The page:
“Love is a many splendored thing. Love lifts us up where we belong. All you need is love”

– Moulin Rouge.

But is that still true these days?

moulin rouge

February is the month of love and it got us thinking – how has love changed over the years?

Love used to be depicted as this grand gesture and as Ed Sheeran sang in Nancy Mulligan:

“She and I went on the run
Don’t care about religion
I’m gonna marry the woman I love
Down by the Wexford border”
ed sheeran winking
There is this notion that love is forbidden but it worked out against all odds and now they have “twenty-two grand kids now growing old.” This type of romance is all over – or was all over – literature and films. (Had to say ‘films‘ instead of ‘movies‘ because the word ‘literature‘ demands respect and the use of formal language.) If you don’t believe us, here is the evidence:

1. Romeo and Juliet

(against all odds, family feuds, etc.) : To be fair, Shakespeare had a thing for these difficult romances.

2. Titanic

(There really was enough space for Jack on the floating door. But this is another topic on its own.)
meme about titanic

3. Jane Eyre

Everything was good and dandy and then on the wedding day everyone finds out he has a wife locked up in the mansion. Fast-forward a bit, Rochester goes blind, Jane goes through a V rocky patch but they end up marrying anyways.

4.Pearl Harbor

Love triangles. The beautiful Kate Beckinsale is in love with one guy and then he goes to war and is presumed dead. Then she falls in love with his childhood bestie and falls preggos and then the first lover returns from the dead and the other lover dies and she ends up marrying the other lover and having the second lover’s child and naming the boy after him. PHEW. What a mouthful. #tearjerker

5. Pride and Prejudice

(LORD, HAVE MERCY. Why do we find Darcy hot? In all the world he shouldn’t be, but his character gives us all kinds of feels.) Who even uses the word ardently? *sigh*
Mr Darcy Pride and Prejudice
Anyways. You get the picture. Although extremely dramatized, some of it rings a bell. Just in a waaaaaay different way. These days we are bombarded with a different type of love/drama.
Everything has become faster and instant gratification has become our number one priority. No more sending letters through the mail or calling your lover once every blue moon when it’s your time slot on the telephone. We simply swipe and start chatting to a potential match.
tinder app

Romance today

These days we are excited when we get a DM from the guy you met at the bar over the weekend – who says romance is dead? The form it arrives in has changed, sure, but it is still a way of showing interest. And of course, Notebook really did remind us that letters are actually the way to do it if you want to get a fat snog in the rain – but postcards are expensive and ain’t nobody got time for that. That’s the whole point.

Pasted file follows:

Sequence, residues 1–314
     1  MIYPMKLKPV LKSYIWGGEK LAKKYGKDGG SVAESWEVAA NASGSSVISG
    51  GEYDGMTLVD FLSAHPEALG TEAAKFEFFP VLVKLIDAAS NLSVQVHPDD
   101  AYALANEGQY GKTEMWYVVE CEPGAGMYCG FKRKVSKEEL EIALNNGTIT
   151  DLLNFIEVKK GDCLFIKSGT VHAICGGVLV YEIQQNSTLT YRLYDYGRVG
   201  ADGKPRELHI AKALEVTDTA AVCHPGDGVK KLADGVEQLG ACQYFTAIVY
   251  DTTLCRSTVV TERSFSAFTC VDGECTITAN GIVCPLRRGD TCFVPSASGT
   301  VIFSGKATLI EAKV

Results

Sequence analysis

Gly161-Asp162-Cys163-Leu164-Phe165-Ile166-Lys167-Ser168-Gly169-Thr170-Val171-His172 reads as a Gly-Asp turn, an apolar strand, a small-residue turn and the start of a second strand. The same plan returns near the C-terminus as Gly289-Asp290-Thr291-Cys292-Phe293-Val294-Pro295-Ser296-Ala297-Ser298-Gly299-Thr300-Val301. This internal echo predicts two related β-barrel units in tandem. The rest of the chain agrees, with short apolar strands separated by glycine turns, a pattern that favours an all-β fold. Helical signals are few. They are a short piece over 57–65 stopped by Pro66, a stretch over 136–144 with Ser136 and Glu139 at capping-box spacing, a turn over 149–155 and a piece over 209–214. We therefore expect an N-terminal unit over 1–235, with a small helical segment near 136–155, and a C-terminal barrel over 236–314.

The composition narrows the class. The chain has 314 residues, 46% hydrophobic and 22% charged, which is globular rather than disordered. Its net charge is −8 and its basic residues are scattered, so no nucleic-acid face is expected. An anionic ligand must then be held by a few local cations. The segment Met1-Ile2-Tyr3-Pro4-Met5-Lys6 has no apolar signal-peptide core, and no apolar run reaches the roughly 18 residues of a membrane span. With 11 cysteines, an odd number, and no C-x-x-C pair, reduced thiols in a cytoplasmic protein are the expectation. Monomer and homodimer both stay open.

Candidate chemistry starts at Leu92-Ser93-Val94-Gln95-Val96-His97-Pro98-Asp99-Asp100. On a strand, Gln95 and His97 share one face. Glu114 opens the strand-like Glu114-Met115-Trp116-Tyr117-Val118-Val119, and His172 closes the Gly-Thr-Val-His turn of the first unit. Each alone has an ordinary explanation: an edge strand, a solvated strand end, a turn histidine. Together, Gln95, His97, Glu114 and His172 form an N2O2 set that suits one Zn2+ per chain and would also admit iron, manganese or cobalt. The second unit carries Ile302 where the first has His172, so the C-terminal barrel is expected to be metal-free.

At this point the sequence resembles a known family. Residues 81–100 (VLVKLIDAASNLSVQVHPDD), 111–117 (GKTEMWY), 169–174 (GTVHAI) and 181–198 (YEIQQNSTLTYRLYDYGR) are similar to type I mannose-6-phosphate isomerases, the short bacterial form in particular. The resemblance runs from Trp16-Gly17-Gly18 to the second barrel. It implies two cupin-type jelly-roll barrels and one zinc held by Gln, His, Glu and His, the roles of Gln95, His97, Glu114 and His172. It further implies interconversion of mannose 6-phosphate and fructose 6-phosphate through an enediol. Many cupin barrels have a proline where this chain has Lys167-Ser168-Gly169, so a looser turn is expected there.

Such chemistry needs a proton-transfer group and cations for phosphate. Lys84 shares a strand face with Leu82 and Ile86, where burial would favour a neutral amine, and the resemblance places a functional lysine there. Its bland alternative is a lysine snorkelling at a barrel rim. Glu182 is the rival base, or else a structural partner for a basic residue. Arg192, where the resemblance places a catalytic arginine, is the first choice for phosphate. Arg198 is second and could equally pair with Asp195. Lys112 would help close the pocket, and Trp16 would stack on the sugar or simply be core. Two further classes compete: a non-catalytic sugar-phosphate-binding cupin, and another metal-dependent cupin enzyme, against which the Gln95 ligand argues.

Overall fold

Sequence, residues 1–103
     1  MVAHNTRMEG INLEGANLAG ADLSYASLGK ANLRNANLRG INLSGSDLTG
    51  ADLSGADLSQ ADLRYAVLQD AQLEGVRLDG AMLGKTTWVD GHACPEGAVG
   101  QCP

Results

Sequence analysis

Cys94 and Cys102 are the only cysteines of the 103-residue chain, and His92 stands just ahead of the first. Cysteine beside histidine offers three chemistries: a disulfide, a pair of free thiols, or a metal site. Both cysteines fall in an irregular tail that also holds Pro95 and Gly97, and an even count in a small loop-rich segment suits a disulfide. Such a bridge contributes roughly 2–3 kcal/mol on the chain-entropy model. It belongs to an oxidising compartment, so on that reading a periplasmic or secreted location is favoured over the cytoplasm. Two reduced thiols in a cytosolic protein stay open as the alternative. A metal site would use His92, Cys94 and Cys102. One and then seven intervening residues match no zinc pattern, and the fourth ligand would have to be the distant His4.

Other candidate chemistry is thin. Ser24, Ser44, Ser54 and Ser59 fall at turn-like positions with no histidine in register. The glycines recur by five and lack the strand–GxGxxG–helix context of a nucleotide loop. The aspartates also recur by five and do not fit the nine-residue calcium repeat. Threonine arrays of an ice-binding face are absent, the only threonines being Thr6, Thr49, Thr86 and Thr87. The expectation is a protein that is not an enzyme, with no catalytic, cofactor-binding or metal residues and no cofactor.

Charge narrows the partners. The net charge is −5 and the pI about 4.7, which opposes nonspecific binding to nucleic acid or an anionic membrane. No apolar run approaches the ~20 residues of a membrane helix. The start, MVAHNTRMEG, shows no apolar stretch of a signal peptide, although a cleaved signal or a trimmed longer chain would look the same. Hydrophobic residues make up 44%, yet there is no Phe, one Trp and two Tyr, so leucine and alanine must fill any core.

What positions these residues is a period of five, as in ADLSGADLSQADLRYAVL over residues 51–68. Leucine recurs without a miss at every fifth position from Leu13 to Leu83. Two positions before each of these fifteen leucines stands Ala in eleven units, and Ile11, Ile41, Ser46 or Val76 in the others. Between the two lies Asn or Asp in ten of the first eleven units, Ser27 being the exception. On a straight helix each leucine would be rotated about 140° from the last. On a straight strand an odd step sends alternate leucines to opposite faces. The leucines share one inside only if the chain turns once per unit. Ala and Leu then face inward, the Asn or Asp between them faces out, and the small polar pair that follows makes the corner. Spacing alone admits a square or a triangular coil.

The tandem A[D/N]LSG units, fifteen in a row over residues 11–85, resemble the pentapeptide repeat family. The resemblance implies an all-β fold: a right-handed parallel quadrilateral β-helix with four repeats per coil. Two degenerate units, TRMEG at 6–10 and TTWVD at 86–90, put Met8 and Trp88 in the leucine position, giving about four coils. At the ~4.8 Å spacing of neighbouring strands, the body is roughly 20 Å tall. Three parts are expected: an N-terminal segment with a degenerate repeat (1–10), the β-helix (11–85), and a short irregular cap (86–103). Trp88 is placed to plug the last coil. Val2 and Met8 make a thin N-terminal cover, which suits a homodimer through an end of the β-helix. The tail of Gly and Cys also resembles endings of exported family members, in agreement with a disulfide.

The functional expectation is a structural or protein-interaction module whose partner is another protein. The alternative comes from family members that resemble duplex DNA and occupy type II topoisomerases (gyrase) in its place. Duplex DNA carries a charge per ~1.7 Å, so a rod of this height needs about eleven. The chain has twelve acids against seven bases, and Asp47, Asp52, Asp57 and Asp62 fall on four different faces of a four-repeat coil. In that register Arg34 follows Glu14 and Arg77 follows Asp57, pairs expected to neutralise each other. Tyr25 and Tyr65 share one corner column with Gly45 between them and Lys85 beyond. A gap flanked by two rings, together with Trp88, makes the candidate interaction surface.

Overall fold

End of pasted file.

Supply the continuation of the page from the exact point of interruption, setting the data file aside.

the notebook

TV Shows’ influence

Shows, such as The Bachelor/(ette), Love Island and Bachelor in Paradise also supports the Fast and Furious: romance edition. Date 25 guys and get engaged to one bloke after dating for 3 months (while dating other peeps as well and saying goodbye to your second best boyf only a few moments before you are proposed to). Don’t get us wrong. We are the FIRST to binge watch these series. But is it sustainable?

Why we get our hopes up

Are we still stuck in the mindset where we want a guy to make grand gestures like the fella from The Great Gatsby – throwing massive, lucrative parties in the hopes of Daisy showing up? Kind of… but oh, how it has changed. “Gatsbying” is now a term which describes you snapchatting / insta-storying or posting pics of yourself at a party in the hopes of your crush seeing it. (Look it up, it’s a real thing). Now knowing this, would you not say: same-same, but different?
the great gatsby

Change is inevitable

So maybe this could be our conclusion: LOVE IS NOT DEAD, love is just delivered in a different way / platform / package. Our romance novels may be shorter and straight to the point but it’s still there; hidden in DM’s, WhatsApp messages and the “Let me buy you a shot!”  BUT it is still there. Times change, so obviously, romance must adapt. But it certainly did not die.
proposal gone wrong

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